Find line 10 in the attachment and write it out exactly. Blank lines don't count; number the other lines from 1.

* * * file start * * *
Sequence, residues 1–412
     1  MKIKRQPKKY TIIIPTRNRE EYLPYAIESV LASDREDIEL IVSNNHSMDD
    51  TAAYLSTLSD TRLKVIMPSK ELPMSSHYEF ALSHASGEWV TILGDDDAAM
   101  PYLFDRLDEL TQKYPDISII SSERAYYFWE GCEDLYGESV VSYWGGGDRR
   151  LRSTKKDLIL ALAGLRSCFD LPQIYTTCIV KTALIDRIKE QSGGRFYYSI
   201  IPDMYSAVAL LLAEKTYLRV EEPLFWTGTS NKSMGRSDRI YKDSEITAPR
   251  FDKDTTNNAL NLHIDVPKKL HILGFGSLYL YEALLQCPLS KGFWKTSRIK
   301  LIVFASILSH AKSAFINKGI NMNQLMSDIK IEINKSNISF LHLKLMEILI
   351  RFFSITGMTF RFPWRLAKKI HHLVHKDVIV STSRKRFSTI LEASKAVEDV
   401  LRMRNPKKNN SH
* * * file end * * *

   401  LRMRNPKKNN SH